Texas: Marc Veasey (D), Henry Cuellar (D), Filemon Vela (D), Gene Green (D), Ruben Hinojosa (D), Joaquin Castro (D), Kevin Brady (R), Will Hurd (R), Randy Weber (R), Kay Granger (R), Randy Neugebauer (R), Roger Williams (R), Jeb Hensarling (R), Pete Session (R), Louie Gohmert (R), Lamar Smith (R), Mike Conaway (R), Sam Johnson (R), Kenny Marchant (R), Michael Burgess (R), John Culberson (R), Ted Poe (R), Blake Farenthold (R), Michael McCaul (R), Brian Babin (R), John Ratcliffe (R), Joe Barton (R), John Carter (R), Pete Olson (R), Mac Thornberry (R), Bill Flores (R)

Virginia: Scott Rigell (R), Robert Wittman (R), Morgan Griffith (R), Robert Hurt (R), Barbara Comstock (R), Dave Brat (R), Bob Goodlatte (R)

Wisconsin: Glenn Grothman (R), James Sensenbrenner (R)

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Minnesota’s record corn harvest nearing completion

photo 2The latest USDA report projects Minnesota corn farmers to harvest 1.45 billion bushels of corn this fall, breaking the previous state record set in 2012 by 5 percent.

Also according to USDA, 96 percent of that record crop has already been harvested and is in storage bins located on farms, elevators and ethanol plants throughout Minnesota. Despite the large crop, farmers are 12 days ahead of last year’s harvest schedule and a full five days ahead of the five-year average.

Corn yields are also pegged to set records. Current projections are estimating Minnesota’s average corn yield at 187 bushels per acre. That’s 31 bushels per acre more than last year and 10 bushels above the previous record set in 2010.

Nationally, corn production is forecast at 13.7 billion bushels, 4 percent lower than last year’s record production. Yields are expected to be just under 170 bushels per acre, down 1.7 bushels from last year.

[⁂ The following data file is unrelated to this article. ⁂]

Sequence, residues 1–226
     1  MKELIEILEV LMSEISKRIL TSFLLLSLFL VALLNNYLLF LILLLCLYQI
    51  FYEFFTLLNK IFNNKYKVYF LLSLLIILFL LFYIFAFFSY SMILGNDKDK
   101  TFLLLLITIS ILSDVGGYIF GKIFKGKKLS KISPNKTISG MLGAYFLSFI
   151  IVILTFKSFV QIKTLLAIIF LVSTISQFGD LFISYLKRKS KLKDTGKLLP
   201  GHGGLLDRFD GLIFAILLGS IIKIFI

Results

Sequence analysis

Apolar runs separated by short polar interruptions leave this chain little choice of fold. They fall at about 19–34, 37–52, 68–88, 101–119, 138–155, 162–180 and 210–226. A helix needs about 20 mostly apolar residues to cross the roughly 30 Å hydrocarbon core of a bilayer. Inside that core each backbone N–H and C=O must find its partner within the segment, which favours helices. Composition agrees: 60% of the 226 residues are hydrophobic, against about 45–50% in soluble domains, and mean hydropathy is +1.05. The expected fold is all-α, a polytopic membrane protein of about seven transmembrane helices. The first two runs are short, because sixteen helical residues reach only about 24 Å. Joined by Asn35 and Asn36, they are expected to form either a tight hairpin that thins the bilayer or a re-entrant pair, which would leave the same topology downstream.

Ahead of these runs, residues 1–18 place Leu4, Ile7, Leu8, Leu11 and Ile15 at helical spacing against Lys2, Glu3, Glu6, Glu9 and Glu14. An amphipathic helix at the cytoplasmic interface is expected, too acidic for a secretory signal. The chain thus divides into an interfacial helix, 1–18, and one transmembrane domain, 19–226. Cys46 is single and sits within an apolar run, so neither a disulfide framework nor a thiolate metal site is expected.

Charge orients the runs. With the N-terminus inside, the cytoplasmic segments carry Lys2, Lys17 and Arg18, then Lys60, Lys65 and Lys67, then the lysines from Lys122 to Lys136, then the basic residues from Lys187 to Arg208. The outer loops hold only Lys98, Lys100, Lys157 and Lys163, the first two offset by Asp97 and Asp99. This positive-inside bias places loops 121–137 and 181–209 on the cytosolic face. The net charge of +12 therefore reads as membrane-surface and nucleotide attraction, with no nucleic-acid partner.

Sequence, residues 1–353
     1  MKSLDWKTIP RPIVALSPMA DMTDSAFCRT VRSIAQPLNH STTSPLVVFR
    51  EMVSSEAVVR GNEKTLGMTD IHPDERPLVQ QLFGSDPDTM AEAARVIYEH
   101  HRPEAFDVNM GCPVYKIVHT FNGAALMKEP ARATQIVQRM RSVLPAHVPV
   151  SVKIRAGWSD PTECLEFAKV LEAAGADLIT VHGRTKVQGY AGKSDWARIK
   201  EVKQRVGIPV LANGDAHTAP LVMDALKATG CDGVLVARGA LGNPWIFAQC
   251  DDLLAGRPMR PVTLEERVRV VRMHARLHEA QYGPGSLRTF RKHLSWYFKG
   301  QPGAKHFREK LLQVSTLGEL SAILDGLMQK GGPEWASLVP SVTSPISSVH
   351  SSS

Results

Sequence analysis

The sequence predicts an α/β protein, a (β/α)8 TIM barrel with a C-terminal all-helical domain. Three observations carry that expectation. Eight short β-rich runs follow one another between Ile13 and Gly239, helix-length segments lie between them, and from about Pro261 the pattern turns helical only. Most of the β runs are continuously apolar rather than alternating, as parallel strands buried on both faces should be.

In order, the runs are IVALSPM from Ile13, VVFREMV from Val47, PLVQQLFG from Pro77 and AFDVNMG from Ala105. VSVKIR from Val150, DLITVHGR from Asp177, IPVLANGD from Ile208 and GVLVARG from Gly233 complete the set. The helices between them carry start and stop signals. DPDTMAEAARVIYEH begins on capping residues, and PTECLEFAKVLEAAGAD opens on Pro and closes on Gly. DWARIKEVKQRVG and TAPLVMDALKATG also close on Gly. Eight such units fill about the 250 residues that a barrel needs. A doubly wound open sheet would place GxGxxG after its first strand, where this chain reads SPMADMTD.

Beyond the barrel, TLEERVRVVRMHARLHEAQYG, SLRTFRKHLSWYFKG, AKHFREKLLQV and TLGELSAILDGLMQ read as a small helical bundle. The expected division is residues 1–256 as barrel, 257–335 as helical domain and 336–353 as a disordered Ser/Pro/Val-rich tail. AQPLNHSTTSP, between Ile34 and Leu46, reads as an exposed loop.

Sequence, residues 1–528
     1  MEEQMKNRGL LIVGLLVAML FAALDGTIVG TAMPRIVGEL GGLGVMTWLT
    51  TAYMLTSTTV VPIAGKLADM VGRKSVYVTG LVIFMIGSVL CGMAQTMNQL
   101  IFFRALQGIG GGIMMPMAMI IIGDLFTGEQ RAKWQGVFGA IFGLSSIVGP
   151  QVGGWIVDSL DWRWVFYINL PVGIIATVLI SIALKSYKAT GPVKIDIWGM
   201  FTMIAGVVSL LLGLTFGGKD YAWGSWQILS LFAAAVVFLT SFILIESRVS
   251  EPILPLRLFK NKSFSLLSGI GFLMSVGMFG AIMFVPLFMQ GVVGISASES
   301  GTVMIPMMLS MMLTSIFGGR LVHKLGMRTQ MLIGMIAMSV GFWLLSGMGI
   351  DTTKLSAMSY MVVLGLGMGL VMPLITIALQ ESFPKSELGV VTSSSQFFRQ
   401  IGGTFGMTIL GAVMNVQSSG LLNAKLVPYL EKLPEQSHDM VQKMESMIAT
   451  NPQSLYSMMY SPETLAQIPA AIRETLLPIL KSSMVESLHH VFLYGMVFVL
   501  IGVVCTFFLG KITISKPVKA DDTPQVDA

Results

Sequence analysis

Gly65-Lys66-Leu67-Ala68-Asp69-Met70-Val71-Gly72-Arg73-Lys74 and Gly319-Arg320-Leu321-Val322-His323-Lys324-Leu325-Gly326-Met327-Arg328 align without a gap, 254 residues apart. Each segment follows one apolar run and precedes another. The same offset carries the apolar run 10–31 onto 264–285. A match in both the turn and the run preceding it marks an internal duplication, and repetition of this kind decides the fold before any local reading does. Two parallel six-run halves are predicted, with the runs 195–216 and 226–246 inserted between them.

If the national projections hold true, it would be the second highest production and third highest overall yield on record.

THANK YOU to all the farmers out there — especially our own Minnesota corn farmers — working hard to finish harvesting food, feed, fiber and fuel for a growing world population. Also, thank you to Mother Nature for delivering a great growing season here in Minnesota. After the last couple years of wet springs and early frosts, we needed it.

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Ethanol Update: Big month for biofuels in Minnesota

It’s been a while since we did an Ethanol Update, so let’s get right to it. This week’s update includes information on a USDA biofuels grant, Coborn’s, new RFS TV ads and President Obama.

As you’ll see, it’s been a good month for homegrown biofuels here in Minnesota. The number of flex-fuel pumps out there is expanding and a USDA grant will help us install even more at stations throughout the state.

In case you missed it…
USDA announced state-by-state dollar amounts last week for Biofuels Infrastructure Program grants. Minnesota received $8 million, which will be matched using funds provided by a broad coalition that includes the Minnesota Corn Research & Promotion Council (MCR&PC). Full details on the grant are here.

Ethanol fuel discounts at Coborn’s
The Minnesota Corn Growers are teaming with Coborn’s and other partners next week to offer big savings on ethanol fuel blends like E15, E30 and E85. Coborn’s and Little Duke’s locations in Hastings, Belle Plaine, New Prague, Princeton, Pipestone and St. Cloud are participating. Full details on each event are here.